After recent high-profile public rallies in the Puget Sound region, with thousands of attendees, presidential candidates Bernie Sanders and Elizabeth Warren have also launched six-figure television ad campaigns, the first candidates in months to join former New York City Mayor Mike Bloomberg on the local airwaves.

Both progressive senators launched television ads in the Seattle area within the last week, with Warren spending close to $360,000 in the region and Sanders spending about $185,000, according to an analysis of disclosures filed with the Federal Communications Commission (FCC).

Warren has already booked TV time through Washington’s March 10 primary, while Sanders ads are, so far, mostly scheduled to run through March 3, Super Tuesday, when 14 states hold primaries and which has the potential to reshape the Democratic primary. No other Democratic candidate has reported buying TV ads in Washington this year, according to FCC filings.

Sanders, the front-runner and early delegate leader, could firmly establish himself as the candidate to beat with strong performances on Super Tuesday in delegate-rich states like California and Texas. Or, with a more mixed result, the fractured field could remain wide open.

Warren has also bought airtime in the Spokane area, spending about $430,000 on Washington TV markets, her campaign said.

Sanders and Warren, whose ads started running only this week, have both bought time on Seattle’s major broadcast networks, including KING, KOMO, KIRO, KONG and Q13 Fox.

Advertising

For months, Bloomberg, whose campaign is fueled entirely by his massive personal fortune, has had the local airwaves all to himself, while at the same time he, Sanders and Warren have been hiring on-the-ground staff and organizers in Washington.

Bloomberg has spent millions of dollars on TV ads in Washington since launching his campaign, and he continues to saturate the airwaves. But Bloomberg has no TV ads booked anywhere in the country beyond Super Tuesday, underscoring the date’s importance, according to Medium Buying, an ad buying firm.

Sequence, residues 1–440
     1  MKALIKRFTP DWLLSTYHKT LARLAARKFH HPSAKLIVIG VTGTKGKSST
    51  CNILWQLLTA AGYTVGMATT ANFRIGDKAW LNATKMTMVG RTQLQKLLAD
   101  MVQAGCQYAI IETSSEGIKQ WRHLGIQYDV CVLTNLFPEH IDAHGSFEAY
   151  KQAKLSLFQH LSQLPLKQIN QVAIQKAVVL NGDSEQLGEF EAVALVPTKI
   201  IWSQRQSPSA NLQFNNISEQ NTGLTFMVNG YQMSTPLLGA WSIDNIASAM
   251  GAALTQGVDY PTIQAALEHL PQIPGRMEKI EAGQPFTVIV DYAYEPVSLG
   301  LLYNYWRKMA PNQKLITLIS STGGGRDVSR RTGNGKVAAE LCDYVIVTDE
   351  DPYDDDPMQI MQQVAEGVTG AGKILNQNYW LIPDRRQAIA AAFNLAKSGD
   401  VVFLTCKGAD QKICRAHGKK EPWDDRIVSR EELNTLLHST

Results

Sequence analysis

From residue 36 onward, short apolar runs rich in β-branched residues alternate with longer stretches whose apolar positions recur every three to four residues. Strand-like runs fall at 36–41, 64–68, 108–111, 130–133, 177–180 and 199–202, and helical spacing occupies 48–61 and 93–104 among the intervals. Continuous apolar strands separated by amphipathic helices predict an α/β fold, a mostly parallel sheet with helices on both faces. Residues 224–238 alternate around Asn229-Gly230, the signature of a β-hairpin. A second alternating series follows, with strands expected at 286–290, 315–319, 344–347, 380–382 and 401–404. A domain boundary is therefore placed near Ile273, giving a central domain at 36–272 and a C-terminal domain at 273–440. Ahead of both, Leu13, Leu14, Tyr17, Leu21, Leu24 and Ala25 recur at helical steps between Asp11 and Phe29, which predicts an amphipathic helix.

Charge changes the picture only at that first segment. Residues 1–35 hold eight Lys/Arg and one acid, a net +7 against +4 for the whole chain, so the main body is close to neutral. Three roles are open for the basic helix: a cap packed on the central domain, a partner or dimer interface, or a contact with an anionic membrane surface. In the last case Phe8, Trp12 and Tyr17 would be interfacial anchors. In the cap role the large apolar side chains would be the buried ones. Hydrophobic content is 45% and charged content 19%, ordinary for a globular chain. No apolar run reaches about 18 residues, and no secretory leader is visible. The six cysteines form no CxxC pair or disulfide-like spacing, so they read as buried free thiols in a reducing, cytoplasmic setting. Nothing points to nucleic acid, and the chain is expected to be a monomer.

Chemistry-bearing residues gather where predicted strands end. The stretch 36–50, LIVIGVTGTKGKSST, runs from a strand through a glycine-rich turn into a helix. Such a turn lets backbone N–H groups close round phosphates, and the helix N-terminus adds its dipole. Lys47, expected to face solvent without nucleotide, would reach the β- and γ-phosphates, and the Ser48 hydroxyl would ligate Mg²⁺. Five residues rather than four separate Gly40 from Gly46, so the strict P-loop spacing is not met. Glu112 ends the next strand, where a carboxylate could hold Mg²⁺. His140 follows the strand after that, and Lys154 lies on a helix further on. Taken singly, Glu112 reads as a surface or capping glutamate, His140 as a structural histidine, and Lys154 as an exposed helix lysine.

Bloomberg has spent nearly $800,000 on ads in the Seattle area in just the last 10 days or so. His campaign declined to say how much he has spent in total on ads in Washington.

Bloomberg, whose personal wealth is estimated at well north of $50 billion, has spent close to a half-billion dollars on his campaign — an average of nearly $6 million a day — since he launched his campaign in November, according to the Center for Responsive Politics.

One of the ads Warren is running in Washington directly attacks Bloomberg’s spending.

“You’ve probably seen more ads for Michael Bloomberg than the rest of us running for president put together,” Warren says in a voiceover, going on to describe how Bloomberg raised money for her Republican opponent when she ran for Senate. “Big money is powerful, but it doesn’t always win.”

Advertising

Bloomberg, for his part, is running an ad that touts his business experience and his political work in funding gun-safety reforms and in shutting down coal-fired power plans. It even references his shaky performances in the Democratic debates he’s participated in and his essentially unlimited resources to fund his campaign.

“For president, do you want a debater or a doer?” the ad asks viewers. “Mike has the record and resources to beat Trump.”

Both Warren and Sanders are also running ads here in which their voice is almost entirely silent.

A Warren ad features a voiceover from former President Barack Obama, praising her in 2010, following the creation of the Consumer Financial Protection Bureau. Obama calls Warren “one of the country’s fiercest advocates for the middle class.”

Sanders’ ad is narrated by Rep. Pramila Jayapal, D-Seattle, who has endorsed the Vermont senator and is the only Democrat in Washington’s congressional delegation to endorse a candidate so far.

Posing in front of the Seattle skyline and speaking over footage of Sanders’ rally two weeks ago at the Tacoma Dome, which drew 17,000 people, Jayapal, who Sanders endorsed early in her contested 2016 race for Congress, says “the system is corrupted by big corporations.”

“Bernie is supported by regular working people,” she says. “I trust him to fight for all of us in spite of it being hard.”